JRPG-style turn-based combat, has a - sometimes justified - reputation for encouraging X-basing combat, where simply selecting the attack command repeatedly is enough to kill all but the toughest beasts if you are sufficiently levelled. Child Of Light - on hard mode at least - is most certainly not guilty of this. Those familiar with older Final Fantasy games or Dragon Quest will have little issue getting to grips with the turn-based combat system, but Child Of Light has employed a number of its own innovations that add an extra strategic dimension to combat. The time gauge has two sections - red and blue. When the “blue” time has elapsed, you select your command, which then starts each character progressing up the red part of the bar (very basic attack or defend commands have “instant” or “short” load times, whilst complex spells have “long” or “very long” load times). If your enemy attacks you are in the red time gauge section, you are “interrupted” and your move is cancelled, and vice versa. Of course, it is not the first game to enable move interruption (Ni No Kuni, among others, has a similar system) but the huge variation in timings between “short” and “very long” moves forces you to carefully consider which moves you use at which time.
Igniculus - your little, glowing, blue-flame chum - has his uses in battle, and can also add a further strategic dimension to battle. Clicking him over a monster in battle slows them down, sometimes allowing you to fit longer moves in without being interrupted, whilst clicking him over an ally will give them small, intermittent health boosts. Since the light gauge is limited and depletes over time, healing and delaying enemies in this way must be employed at strategic moments, particularly in the toughest, longest fights of the game.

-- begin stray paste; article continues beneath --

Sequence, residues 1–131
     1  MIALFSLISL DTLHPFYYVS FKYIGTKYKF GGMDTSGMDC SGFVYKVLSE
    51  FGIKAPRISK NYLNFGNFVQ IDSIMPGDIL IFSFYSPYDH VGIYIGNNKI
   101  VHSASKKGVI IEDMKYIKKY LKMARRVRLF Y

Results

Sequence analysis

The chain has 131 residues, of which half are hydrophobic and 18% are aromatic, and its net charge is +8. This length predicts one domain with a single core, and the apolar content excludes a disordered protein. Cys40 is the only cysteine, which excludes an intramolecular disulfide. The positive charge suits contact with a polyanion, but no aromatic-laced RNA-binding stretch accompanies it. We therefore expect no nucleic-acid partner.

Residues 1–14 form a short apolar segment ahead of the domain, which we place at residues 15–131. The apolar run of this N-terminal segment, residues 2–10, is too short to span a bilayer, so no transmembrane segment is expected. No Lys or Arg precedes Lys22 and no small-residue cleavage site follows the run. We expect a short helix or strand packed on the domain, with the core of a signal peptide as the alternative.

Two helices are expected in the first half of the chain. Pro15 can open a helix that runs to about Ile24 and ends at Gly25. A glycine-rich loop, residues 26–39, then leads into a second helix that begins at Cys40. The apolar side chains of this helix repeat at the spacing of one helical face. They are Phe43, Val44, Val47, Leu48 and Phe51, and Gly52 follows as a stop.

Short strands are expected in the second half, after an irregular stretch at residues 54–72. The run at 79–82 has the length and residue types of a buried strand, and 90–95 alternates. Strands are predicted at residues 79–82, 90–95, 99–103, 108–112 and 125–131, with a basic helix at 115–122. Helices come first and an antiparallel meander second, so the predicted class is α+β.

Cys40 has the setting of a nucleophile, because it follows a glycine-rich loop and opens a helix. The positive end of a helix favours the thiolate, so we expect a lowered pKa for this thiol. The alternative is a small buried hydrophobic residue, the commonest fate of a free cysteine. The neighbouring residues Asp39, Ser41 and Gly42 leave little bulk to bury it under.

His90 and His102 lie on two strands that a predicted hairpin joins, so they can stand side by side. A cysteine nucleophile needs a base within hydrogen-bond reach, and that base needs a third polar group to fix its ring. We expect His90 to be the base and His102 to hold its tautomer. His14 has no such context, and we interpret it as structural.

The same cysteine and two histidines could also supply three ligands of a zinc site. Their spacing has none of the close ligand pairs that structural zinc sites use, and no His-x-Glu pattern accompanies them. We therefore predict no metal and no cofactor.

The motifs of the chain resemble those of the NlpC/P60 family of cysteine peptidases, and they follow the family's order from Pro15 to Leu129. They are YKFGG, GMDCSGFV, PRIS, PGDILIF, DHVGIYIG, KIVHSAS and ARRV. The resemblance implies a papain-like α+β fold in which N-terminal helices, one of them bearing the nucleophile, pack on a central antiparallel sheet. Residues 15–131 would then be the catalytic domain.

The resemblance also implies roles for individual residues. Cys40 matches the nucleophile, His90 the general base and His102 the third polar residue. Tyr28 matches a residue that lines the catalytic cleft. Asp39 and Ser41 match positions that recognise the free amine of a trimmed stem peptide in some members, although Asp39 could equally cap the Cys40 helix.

You have access to all your available characters during battle (and there are a lot of them, with more available through DLC), but only two of these can be engaged in battle at once. Each party member has their own specialty - Rubella the Jester and her brother Tristis are super fast, Aurora’s sister Nora is great for speed and support magic, Robert the mouse has good splash damage attacks and Finn the bearded villager is a classic elemental mage-type character, for example. The characters all progress around skill trees, which boost their all round stats and allow more powerful skills and spells to unlock. Because speed, special attacks and elemental affinities play such a crucial role in the game's combat, switching out characters mid-way through battle once they have played their role is an essential strategy in some of the harder boss fights, particularly if you’re as averse to level-grinding as I am. The result is, when playing Child Of Light in hard mode, the combat system feels satisfying and well rounded, forcing you to think strategically and both learn and implement a range of skills and characters to win.